I previously pointed out risks of conflating gamification and gaming per se. That’s not to dismiss using gaming technology to perform business tasks, of course. Why shouldn’t I do my Oracle expenses on my seven year-old’s Nintendo 3DS if it’s handy when we’re traveling together, for example? That the expenses process itself would also be gamified resonates with the platform too.
Nintendo 3DS and business applications: From Browser to Bowser? Image referenced from Nintendo.com site. All rights acknowleged.
I met the brilliant Dr. Edward de Bono a few years ago. He’s the genius behind Lateral Thinking and the technique of ‘PO’ (or Provocative Operation). De Bono challenged Shell Oil to drill for oil horizontally instead of vertically, and now everyone drills that way. He’s been directly and indirectly responsible for lots of other high business values ideas becoming real, all based on challenging us to think more creatively when solving problems.
Enterprise applications user experience needs more genius provocateurs too. One such guy is John Sim (@JRSim_UIX), UK-based consultant for Oracle Gold Partner Fishbowl Solutions. After meeting John at the Oracle offices in London recently, I came away thinking hard about what gaming offers us. I was totally blown away by John’s technical wizardry, demonstrated with WebCenter and other Oracle technology, but his stuff with the Microsoft Xbox 360 and Kinect (also featured at Collaborate 12) really opened up my mind to a whole range of possible business use cases.
Oracle Fusion Applications HCM Person Portrait Gallery
Or why not use the Xbox 360 and Kinect to interact with a portal? How about using game controllers and gestures to manage your supply chain, orchestrate orders, getting field sales teams onto guerilla market leads, do some easy visual manipulation of analytics or model financial scenarios in advance? Maybe combine insight at work and keep fit at the same time, all in front of your TV. A large game screen could be the ideal way to record and manage resources and feedback, time management, progress or other activities in an open office environment such as a call center. Gesture controls, people, are just another way to allow interaction with apps.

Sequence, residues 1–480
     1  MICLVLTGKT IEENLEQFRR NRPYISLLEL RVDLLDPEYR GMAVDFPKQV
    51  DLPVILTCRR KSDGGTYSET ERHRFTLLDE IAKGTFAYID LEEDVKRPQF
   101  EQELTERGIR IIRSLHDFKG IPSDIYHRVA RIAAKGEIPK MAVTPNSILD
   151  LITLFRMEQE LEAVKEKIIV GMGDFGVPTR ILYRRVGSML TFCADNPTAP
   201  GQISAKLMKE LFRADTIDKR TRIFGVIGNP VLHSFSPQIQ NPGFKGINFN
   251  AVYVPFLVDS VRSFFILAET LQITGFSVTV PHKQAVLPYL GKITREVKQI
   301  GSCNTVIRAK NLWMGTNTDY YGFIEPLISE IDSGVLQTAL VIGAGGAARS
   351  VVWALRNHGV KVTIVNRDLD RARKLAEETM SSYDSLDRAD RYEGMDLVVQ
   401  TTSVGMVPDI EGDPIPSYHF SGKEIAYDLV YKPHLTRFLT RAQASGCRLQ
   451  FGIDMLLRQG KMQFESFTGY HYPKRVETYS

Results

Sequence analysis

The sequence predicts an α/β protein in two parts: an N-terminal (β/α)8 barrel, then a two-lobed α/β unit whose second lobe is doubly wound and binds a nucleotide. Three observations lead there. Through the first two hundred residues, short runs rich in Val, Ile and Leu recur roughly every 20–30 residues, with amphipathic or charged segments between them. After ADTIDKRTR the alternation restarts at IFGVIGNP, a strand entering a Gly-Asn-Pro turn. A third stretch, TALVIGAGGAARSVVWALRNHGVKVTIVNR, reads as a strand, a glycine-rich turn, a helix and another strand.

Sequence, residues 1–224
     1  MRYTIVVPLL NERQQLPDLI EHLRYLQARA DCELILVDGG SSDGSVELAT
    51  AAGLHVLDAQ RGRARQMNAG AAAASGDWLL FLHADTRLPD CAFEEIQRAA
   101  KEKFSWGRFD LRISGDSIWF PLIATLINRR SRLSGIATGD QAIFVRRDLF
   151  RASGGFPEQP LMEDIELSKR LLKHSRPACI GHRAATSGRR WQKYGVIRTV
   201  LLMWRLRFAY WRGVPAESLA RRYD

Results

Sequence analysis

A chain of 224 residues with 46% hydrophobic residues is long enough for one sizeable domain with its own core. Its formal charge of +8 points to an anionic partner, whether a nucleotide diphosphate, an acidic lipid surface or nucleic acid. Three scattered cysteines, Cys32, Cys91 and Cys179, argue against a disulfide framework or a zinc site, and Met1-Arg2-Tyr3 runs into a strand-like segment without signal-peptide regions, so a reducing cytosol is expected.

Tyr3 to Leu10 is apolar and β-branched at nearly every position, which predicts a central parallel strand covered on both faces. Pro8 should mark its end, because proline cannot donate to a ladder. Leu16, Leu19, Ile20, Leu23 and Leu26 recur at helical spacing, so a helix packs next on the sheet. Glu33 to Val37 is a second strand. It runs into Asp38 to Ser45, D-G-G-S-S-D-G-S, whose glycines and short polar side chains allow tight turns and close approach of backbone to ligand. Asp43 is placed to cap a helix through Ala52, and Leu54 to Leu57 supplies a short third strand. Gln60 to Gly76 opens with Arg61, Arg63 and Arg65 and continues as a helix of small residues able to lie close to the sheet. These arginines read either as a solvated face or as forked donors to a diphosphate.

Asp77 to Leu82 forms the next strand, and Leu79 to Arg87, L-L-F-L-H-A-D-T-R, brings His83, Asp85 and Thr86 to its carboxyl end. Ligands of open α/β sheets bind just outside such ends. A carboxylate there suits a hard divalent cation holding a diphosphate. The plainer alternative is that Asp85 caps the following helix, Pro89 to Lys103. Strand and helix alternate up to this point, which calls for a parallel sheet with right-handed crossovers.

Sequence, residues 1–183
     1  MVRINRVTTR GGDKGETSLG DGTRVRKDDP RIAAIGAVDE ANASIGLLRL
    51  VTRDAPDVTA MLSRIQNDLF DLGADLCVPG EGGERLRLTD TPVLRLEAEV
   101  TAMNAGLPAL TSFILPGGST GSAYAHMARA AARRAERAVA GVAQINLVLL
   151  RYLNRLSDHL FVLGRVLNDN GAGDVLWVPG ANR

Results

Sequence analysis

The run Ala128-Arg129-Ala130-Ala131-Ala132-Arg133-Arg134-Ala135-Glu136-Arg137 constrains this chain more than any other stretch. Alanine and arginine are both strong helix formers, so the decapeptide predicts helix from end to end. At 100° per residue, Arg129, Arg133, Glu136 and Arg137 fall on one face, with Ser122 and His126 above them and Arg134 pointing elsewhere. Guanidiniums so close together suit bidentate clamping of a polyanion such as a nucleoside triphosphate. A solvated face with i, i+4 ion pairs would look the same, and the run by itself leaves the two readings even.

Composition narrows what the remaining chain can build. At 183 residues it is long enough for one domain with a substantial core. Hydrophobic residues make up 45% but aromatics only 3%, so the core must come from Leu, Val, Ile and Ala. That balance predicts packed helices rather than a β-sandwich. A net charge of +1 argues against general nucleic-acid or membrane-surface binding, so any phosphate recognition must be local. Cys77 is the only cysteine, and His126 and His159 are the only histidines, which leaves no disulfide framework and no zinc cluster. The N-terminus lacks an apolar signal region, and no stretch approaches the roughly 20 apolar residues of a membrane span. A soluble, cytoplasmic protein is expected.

Don’t get blind-sided by a narrow definition of devices. Under pressure from the BYOD, open source devices, cheap, powerful processors and design platforms, and the gaming generation, within 3-5 years what we consider to be a device for running our apps will even require UX thought about how the wearable devices color coordinates with the rest of the user’s ensemble and mood. ADF skinning never had it so good! Another reason why events like Maker Faire are important to Oracle. Anyone for printing their own parts as a solution to service requests in the field using 3D Printers?
Not convinced of the power of community support, eh? Then I urge you to check out this presentation from Greg Oxton of the Consortium for Service Innovation (CSI). Incredible. A very important statement about why enterprises need to be aware of--and harness--the power of their user communities.
(Image copyright CSI 2010)
Oracle is a member of the CSI.